After the impeachment process was begun, a new law was rushed through to allow the lightning-fast procedure. Incredibly, the impeachment began on Thursday and was over on Friday.
What was the rush? President Lugo was successfully implementing reforms that were opening the Paraguayan society, an oligarchy run by landowners.
Former American President George W. Bush is among these.
The parliamentary putsch was initiated after the occupation of lands by landless farmers in Canindeyu, an area in the fertile northeastern part of the country, ended in violent clashes with the police on June 15. Eleven farmers and six policemen died in the incident.
Landowners decided to restore the old order before it was too late.
The fact this was a putsch run by the landowners was evident even while the parliamentary crime was being perpetrated.
Federico Franco, who was Vice President at the moment -- found time to give an outrageous interview to the CNN.
"Is it true that 2% of the Paraguayan people own 80% of the country's lands?" The CNN reporter asked in what looked like a question requested by Mr. Franco himself. "That is not true! 10% of the people own 80% of the land," countered the soon to become president.
Not surprisingly, the CNN report was highly partial. The shooting at protesters next to the Congress and the brutal takeover of the Paraguayan Public TV by the police were not reported by the American network.
Following the successful impeachment, the former Vice President runs the country until the elections scheduled for next year. The militaristic Colorado party -- which in the past was led by General Stroessner -- is expected to return to power then.
The no-reaction - at least no-condemnation - of the putsch by the American government-which on paper supports democracy-is odd, especially considering that soon the power in Paraguay will be handed to the militaristic party which was an important ally of the USA during Operation Condor and other events related to the Cold War.
One must seriously consider the option that this was an American-backed putsch, in the best fashion of the 20th century. Then, there is the Bush involvement.
Bush Involved in the Putsch?
It is difficult to find reliable reports on George W. Bush land ownership in Paraguay. The data brought here was compiled from the British Guardian'a respectable enough source -- and from various South American media sources.
On October 23, 2006, The Guardian reported "Rumours of Mr. Bush's supposed forays into South American real estate surfaced during a recent 10-day visit to the country by his daughter Jenna Bush. Little is known about her trip to Paraguay, although officially she travelled with the UN children's agency UNICEF to visit social projects.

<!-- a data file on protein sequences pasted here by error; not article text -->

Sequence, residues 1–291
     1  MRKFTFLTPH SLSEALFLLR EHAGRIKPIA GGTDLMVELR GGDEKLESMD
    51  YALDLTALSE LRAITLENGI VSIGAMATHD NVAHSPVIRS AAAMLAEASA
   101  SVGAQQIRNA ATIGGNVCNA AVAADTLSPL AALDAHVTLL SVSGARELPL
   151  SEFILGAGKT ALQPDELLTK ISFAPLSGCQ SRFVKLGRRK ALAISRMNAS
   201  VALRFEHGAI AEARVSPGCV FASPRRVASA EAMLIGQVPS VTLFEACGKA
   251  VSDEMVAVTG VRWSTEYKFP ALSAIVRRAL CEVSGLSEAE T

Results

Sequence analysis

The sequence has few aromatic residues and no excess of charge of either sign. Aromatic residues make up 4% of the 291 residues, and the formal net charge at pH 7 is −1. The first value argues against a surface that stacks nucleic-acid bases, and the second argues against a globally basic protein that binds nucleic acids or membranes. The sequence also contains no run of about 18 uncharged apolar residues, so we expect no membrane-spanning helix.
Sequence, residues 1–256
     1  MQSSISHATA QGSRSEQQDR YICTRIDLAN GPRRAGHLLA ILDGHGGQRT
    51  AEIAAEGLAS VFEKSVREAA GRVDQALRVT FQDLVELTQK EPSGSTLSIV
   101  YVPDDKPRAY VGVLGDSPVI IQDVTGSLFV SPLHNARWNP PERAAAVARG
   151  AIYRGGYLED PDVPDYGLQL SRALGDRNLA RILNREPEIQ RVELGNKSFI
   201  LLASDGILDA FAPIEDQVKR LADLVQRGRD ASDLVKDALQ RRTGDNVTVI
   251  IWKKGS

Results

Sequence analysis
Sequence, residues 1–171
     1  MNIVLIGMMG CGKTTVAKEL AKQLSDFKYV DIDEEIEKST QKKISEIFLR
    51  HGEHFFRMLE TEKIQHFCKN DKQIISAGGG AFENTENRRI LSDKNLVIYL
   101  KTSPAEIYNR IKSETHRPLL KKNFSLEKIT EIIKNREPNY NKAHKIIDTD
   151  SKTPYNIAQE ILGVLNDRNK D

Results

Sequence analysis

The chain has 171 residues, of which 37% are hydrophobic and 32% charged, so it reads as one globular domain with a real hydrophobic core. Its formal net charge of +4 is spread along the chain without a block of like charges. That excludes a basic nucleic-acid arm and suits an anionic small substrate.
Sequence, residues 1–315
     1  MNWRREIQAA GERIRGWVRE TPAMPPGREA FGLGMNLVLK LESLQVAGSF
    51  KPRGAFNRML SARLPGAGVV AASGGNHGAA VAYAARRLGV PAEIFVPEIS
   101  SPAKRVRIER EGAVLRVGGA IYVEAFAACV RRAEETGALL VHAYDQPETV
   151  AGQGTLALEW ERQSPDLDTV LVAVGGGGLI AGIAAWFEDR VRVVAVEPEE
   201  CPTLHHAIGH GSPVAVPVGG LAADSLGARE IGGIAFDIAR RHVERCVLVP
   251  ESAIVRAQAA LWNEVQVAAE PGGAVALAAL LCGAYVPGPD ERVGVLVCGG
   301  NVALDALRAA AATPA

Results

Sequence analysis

"Photographers from the Paraguayan newspaper ABC Color tracked her down to one restaurant in Paraguay's capital Asuncion, where she was seen flanked by 10 security guards, and was also reported to have met Paraguay's president, Nicanor Duarte, and the US ambassador to Paraguay, James Cason.
"Reports in sections of the Paraguayan media suggested she was sent on a family 'mission' to tie up the land purchase in the 'Chaco.'"
Chaco is the name of the semi-arid lowland divided between Paraguay, Bolivia and Argentina; the first two fought a bloody war over it in the 20th Century.
The war was encouraged by oilcompanies, which sought control over hypothetical oil fields.
"Erasmo Rodriguez Acosta, the governor of the Alto Paraguay region where Mr. Bush;s new acquisition supposedly lies, told one Paraguayan news agency there were indications that Mr. Bush had bought land in Paso de Patria, near the border with Brazil and Bolivia," the newspaper added.
There are reports also involving Neil Bush, brother of the former American President, in the purchase. There is no need to rely on newspapers; official sources also commented on the issue.
In 2006, Luis D. Elia, Undersecretary for the Social Habitat in the Argentine Federal Planning Ministry, issued a memo partially reproduced by digital INFOBAE.com, in which he spoke of the purchase by Bush of a 98,842-acre farm in northern Paraguay, between Brazil and Bolivia.
He considered this Bush step counterproductive for regional power policies expressed by Presidents Nestor Kirchner (Argentina), Luiz Inacio Lula da Silva (Brazil), Evo Morales (Bolivia), Hugo Chavez (Venezuela) and Fidel Castro (Cuba).
He added that "it is a bad signal that the Bush family is doing business with natural resources linked to the future of MERCOSUR."
The farm is not only large; it sits atop a vast field of natural gas. Moreover, it is near the Guarana Aquifer, one of the world's largest fresh water reserves. It is so large that it could provide 100 liters of water to every human for 200 years! As of now, the farm is inactive.
The fact that the Bush family owns a ranch in Paraguay doesn't make it part of a local putsch. That is for sure; yet, there are worrying signs that the landowners hit on democracy may have been influenced by this case.
Paraguayan newspaper "E'a" reported in September 2011 on an ongoing investigation regarding the illegitimacy of the purchase.
Apparently, the farm was bought with the silent help of the militaristic Colorado party which was in power back then.
A fence was placed all around the farm, trapping native groups inside the area. The farm is inactive, and thus it violates the Paraguayan Constitution.
In other words, the land belongs to the native groups and to the Bush family. Eventually, had the recently deposed elected government been allowed to implement its policies, the ranch would have been confiscated from the Bush family.
Is that a good-enough reason for an American-backed putsch in Paraguay?
Bush and Chavez benefit from Paraguayan Putsch